21 June 2013

18th Century Dialect

One aspect of the 18th century that I struggle with is the dialect, how exactly did people speak? Since spelling was not conventionalized, a little research can help answer this question.

Below I've listed some "vocab words" that help show (shew?) the mid 18th century dialect that might have been common in southern New England. (On the right is the modern spelling and the left is the 18th century spelling.)

Ancient - Antient
Choice - Choise 
Choose - Chuse
Choosing - Chusing
Concerning - Conserning 
Dropped - Dropt
Entirely - Intirely
Fearful - Fereful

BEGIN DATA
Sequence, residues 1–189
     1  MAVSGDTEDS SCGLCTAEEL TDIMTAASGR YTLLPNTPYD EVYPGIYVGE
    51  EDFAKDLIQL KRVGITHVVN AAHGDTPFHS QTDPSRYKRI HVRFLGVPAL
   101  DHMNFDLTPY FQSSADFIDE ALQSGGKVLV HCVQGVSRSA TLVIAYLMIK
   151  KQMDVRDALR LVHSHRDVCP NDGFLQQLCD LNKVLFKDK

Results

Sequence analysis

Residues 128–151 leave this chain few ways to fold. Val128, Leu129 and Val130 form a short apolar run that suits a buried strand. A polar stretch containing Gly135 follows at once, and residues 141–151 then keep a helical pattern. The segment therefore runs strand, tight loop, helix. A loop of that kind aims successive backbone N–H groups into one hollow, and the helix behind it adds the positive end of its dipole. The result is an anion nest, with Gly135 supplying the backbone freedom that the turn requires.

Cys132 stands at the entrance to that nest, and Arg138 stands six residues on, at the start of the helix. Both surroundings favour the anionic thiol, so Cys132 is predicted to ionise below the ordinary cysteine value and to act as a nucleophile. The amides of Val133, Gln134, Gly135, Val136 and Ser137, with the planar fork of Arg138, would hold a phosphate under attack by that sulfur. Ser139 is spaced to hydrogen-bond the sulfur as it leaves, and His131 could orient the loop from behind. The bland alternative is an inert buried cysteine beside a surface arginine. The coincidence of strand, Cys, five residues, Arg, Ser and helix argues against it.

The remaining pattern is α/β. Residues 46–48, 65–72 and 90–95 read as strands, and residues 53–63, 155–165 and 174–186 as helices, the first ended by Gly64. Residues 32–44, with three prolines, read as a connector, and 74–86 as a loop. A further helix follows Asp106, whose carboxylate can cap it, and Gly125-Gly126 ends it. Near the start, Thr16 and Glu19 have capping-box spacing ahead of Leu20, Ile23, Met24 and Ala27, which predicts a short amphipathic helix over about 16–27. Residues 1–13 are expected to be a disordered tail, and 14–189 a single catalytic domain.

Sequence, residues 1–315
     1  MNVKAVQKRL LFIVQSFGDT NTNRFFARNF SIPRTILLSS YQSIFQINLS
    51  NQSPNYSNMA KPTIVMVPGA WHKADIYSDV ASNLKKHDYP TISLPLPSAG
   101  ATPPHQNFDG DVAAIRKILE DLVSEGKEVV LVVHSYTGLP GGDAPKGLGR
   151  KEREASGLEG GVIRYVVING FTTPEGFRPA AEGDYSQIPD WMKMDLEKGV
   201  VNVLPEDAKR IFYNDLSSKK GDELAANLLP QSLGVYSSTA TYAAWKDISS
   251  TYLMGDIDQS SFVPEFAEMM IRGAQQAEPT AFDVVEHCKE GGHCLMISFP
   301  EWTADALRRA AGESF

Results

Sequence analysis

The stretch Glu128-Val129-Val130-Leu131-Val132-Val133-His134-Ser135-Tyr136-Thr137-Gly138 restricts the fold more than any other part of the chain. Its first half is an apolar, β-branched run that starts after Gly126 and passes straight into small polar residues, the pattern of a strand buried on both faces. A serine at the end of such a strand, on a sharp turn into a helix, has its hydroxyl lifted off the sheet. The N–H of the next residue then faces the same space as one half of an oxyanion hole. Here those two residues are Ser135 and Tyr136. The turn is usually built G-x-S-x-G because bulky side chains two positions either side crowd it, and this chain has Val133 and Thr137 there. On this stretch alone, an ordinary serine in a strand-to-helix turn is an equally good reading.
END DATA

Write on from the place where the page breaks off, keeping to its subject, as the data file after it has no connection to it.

Hazard - Haszard
Health - Helth
Indian - Indine
Joined - Joyned
Major - Majior
Many - Meny
People - Peopel
Showed - Shewed
Spoke - Spake
Their - Thire
Thursday - Thursdy
Told - Tould
Touro (as in Touro Street) -  Tauro
Triple - Treble
Vicious - Visious

These examples are from The Literary Diary of Eztra Stiles Volume 1. If you're wondering who Ezra Stiles was, here are a few sources to learn more about his life...
 Miniature portrait of The Reverend Dr. Ezra Stiles c.1770
Metropolitan Museum of Art Accession Number 68.222.26

A photograph of Ezra Stiles home on Clark Street in Newport, RI
Newport Historical Society Catalog Number P8866

1 comment:

  1. What a great list!

    I particularly love a letter from John Brown to his daughter Sally, in which he writes that her sister Abby is helping "your Mar bake pyes." There's the local floating 'R' sound, written out. It persists; my friend from Greenville says "drawring," for drawing, when she is tired.


Your feedback is appreciated. :)